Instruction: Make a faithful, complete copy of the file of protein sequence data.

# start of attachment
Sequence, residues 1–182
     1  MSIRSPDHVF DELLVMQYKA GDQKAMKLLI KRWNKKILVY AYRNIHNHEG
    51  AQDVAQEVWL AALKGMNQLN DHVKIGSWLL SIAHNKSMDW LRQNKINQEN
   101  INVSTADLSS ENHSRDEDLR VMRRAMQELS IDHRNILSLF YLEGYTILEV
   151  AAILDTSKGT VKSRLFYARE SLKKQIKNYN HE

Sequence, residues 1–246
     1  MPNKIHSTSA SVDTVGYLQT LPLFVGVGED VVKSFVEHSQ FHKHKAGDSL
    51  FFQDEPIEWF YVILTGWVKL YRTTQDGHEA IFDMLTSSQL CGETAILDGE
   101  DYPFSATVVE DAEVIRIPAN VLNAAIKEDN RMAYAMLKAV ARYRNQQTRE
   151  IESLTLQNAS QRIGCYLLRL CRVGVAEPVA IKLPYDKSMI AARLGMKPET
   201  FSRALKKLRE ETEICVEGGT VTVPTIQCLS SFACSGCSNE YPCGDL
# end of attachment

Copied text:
Sequence, residues 1–182
     1  MSIRSPDHVF DELLVMQYKA GDQKAMKLLI KRWNKKILVY AYRNIHNHEG
    51  AQDVAQEVWL AALKGMNQLN DHVKIGSWLL SIAHNKSMDW LRQNKINQEN
   101  INVSTADLSS ENHSRDEDLR VMRRAMQELS IDHRNILSLF YLEGYTILEV
   151  AAILDTSKGT VKSRLFYARE SLKKQIKNYN HE

Sequence, residues 1–246
     1  MPNKIHSTSA SVDTVGYLQT LPLFVGVGED VVKSFVEHSQ FHKHKAGDSL
    51  FFQDEPIEWF YVILTGWVKL YRTTQDGHEA IFDMLTSSQL CGETAILDGE
   101  DYPFSATVVE DAEVIRIPAN VLNAAIKEDN RMAYAMLKAV ARYRNQQTRE
   151  IESLTLQNAS QRIGCYLLRL CRVGVAEPVA IKLPYDKSMI AARLGMKPET
   201  FSRALKKLRE ETEICVEGGT VTVPTIQCLS SFACSGCSNE YPCGDL